To cut through the legalese, Frydman explains that, “Associations are losing tens of thousands of dollars that they used to collect by third parties at foreclosure sales by banks. Now if the association has title for a certain period of time, even if it's one month, they can lose ten, twenty, thirty thousand dollars that the prior owner owed, but the association took title to and lost at the bank sale.”
The case is not just unpopular with condo owners, it's unpopular with attorneys who are forced to get creative in order to keep associations from getting too far into the red. “It's hoped that the legislature will see this gaping hole in the law that affects every condominium association in Florida and correct the statute to clarify that the association is not a ‘unit owner’ when acquiring title to a unit at its foreclosure sale,” says Robbins.
But financial issues aren't the only subjects of controversy. The United States is constantly in a state of social change, and when legislatures and courts respond, condo declarations can be part of it.
Fair housing policies, discrimination laws are the kinds of federal statutes that can powerfully affect how associations do business. Those federal laws and regulations usually say they can be superseded only if a local entity has a more strict law concerning the issue at hand. One of the more recent examples of federal policy affecting condos is senior communities.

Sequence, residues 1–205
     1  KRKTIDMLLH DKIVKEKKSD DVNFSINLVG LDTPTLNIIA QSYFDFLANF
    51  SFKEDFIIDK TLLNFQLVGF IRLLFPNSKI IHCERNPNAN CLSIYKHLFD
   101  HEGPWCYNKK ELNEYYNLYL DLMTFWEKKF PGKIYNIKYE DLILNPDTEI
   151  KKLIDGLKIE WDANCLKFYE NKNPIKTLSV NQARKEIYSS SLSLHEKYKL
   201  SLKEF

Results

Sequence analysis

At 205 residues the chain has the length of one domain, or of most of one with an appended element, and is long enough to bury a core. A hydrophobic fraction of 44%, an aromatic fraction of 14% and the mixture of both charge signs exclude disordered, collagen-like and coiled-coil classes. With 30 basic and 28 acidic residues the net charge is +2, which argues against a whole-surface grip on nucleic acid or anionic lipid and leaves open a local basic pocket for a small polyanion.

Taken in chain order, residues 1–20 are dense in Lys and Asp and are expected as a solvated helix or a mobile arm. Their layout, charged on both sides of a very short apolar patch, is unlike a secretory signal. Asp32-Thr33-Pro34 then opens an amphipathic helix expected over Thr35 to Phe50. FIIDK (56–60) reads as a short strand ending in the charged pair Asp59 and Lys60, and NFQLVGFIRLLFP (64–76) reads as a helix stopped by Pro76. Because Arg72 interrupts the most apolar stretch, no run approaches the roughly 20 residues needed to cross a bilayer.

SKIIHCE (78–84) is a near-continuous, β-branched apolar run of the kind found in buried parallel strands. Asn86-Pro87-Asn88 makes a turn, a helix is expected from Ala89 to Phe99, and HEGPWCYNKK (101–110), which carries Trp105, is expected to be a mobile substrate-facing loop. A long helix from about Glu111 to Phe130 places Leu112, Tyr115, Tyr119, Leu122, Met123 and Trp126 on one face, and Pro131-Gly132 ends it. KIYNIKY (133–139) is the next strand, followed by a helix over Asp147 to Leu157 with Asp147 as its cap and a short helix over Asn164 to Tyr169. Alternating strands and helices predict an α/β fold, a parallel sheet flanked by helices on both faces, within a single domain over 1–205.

“When they had the no children rule, there was a change, I think in 1992, that said 'if you're going to restrict kids you have to have certain language and it has to measure the fair housing restriction with the 80 percent beginning 55 and older,' so there was certain language that had to be adopted in order for associations to restrict children from living there,” says Frydman. “There are times where the legislators will put something into effect and it is going to change your documents, but you have to go with the times and change your documents in order to meet what the law's going to require.”